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What makes a cat act like a cat

As many of us know, cats act differently than dogs do.  While this is obvious, often people expect their cat co operate, or respond to training like a dog.  This often back fires with cats - because they have different needs and motivations compared to dogs or other species ( like humans).

Most innate, natural behavior comes from the wild behaviors that helped this animal survive in the wild.  There were many, many years of this wild life so the actions that would protect this animal  will be the actions that animal will choose when feeling threatened.  Even though your kitty does not look like a wild cat, the brain will default to that wild behavior when stressed.

First of all, cats are both the predator and the prey.  What this means is that at times they are the killers  and at other times they are being killed.  Cats prey upon animals that are smaller than them, not often larger animals.  So they are adapted to seeing and hearing the scurrying of mice, insects and other animals that are easy for them to pounce upon and quickly shake.  When a larger animal is threatening them, or there is a threat of a predator the cat needs to get out the area quickly or hide to avoid being eaten.   In the wild cats have a lot of opportunity to catch small animals for food so there is an abundance of opportunities to eat.  Eating out in the open will make them an easy target for the predator.  To protect themselves, cats want to eat in sheltered  areas or will leave the food when there is a threat.   There will always be another meal not far away.     This is very different from dogs and humans.  It takes a lot for us to leave our food!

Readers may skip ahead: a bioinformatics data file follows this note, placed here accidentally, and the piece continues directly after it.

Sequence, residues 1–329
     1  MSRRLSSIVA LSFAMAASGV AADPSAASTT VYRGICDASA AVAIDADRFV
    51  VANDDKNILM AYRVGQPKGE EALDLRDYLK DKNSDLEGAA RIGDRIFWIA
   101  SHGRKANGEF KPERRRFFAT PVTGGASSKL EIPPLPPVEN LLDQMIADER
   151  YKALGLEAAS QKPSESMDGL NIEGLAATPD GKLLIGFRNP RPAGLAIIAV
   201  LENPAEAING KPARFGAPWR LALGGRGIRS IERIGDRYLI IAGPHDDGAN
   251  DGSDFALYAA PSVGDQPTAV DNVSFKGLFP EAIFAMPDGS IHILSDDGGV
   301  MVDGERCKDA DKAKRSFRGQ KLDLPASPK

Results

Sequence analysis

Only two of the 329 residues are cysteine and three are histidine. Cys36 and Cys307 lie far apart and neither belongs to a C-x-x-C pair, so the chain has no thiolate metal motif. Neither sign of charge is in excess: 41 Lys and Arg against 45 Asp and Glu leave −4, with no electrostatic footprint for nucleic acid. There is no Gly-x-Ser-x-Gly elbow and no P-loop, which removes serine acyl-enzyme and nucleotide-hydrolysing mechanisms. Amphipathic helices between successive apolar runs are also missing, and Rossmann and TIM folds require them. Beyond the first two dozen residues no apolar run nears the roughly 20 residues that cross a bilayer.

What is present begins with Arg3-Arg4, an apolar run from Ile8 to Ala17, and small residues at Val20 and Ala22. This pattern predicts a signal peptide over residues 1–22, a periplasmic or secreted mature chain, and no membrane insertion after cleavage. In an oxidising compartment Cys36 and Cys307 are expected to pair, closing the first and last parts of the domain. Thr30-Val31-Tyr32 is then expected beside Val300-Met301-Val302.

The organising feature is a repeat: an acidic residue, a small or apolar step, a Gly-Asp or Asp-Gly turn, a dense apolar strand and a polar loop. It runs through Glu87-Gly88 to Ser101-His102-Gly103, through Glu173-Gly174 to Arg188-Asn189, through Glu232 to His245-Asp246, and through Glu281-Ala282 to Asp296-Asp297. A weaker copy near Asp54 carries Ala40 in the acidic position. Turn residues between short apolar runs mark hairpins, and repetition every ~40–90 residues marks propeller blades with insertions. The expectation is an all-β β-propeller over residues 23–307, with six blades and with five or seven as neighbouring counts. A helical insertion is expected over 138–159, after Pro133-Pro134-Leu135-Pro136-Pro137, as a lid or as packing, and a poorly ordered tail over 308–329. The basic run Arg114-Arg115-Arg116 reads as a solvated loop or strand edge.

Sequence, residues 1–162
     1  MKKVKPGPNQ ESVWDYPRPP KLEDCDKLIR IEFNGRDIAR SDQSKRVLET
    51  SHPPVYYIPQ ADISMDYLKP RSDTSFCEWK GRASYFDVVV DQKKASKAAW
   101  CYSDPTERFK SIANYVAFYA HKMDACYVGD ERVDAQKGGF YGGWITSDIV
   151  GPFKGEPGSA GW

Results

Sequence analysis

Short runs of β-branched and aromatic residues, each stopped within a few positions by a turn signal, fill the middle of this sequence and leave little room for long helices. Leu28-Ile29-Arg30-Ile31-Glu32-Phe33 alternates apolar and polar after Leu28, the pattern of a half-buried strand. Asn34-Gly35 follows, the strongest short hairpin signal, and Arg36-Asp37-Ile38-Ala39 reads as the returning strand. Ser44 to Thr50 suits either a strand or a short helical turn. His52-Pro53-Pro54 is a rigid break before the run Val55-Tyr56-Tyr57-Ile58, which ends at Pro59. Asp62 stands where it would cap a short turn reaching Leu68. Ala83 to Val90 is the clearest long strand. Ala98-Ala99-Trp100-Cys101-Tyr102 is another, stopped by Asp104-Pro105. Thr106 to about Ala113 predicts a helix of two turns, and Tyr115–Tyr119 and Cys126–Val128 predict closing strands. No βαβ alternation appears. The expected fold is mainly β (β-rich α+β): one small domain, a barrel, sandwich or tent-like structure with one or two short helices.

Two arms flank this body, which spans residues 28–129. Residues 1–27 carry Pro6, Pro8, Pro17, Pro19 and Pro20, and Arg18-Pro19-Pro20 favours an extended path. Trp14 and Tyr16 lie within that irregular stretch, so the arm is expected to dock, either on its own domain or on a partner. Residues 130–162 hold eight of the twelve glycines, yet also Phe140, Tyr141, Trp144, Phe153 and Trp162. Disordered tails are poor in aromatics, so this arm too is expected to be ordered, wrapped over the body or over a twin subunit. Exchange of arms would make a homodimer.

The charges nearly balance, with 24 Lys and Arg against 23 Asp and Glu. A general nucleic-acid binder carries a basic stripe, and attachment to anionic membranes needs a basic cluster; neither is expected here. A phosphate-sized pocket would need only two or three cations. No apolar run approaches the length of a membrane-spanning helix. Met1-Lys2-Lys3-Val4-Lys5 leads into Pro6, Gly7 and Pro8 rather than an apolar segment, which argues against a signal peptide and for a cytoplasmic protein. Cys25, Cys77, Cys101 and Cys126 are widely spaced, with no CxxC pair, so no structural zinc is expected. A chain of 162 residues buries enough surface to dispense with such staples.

Cats do not want to feel that they cannot escape.  If a cat feels like they are trapped, they will do whatever they can to escape.  Being trapped means being eaten.  So the more tightly a cat is held, the more they will struggle, scratch, and bite in order to get away.  Often the reason a cat is getting so agitated in the veterinary office is due to the handling the cat is receiving.   Restraining using a blanket or towel will often help a cat to feel that they are protected resulting in less struggling.  Distractions such as rubbing the head or sliding the body also help.  The most important thing to understand about cats is to avoid holding them tight, scruffing, or wrestling with them.  They will fight to the end because they perceive this is the end for them.  

What helps a cat feel good when being handled?  Minimal (close to zero) restraint. Rubbing the head between the ears or stroking stopping at the shoulders makes them feel good.  Allow the cat to rub it's face on the exam table, furniture in the room and you.  This is how a cat marks you and says you are ok.  A cat needs to know what is familiar to feel less upset.    Feliway is helpful to calm a cat.  The pheromone product "premarks" object or people to help the cat feel like they have already greeted you.  This tends to reduce agitation during handling also.

So for cats - keep it cool.  No heavy handling, loud noises or fast jerky movements.  Give the cat the feeling that they are not trapped and are "hidden" .  Treats should be offered but don't feel bad if they are not eaten.  It takes a pretty relaxed or motivated cat to take a treat.  When they do, it really helps that cat co operate with you much better.  Give them time and understand what the cat needs.

Sally J Foote, DVM  CFBC-IAABC
Okaw Veterinary Clinic Tuscola IL

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